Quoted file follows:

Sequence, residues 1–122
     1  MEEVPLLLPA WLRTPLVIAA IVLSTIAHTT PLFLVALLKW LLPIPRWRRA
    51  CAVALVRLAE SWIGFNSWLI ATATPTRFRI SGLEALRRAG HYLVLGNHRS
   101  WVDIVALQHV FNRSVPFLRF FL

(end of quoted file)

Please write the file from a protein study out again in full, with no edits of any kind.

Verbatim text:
Sequence, residues 1–122
     1  MEEVPLLLPA WLRTPLVIAA IVLSTIAHTT PLFLVALLKW LLPIPRWRRA
    51  CAVALVRLAE SWIGFNSWLI ATATPTRFRI SGLEALRRAG HYLVLGNHRS
   101  WVDIVALQHV FNRSVPFLRF FL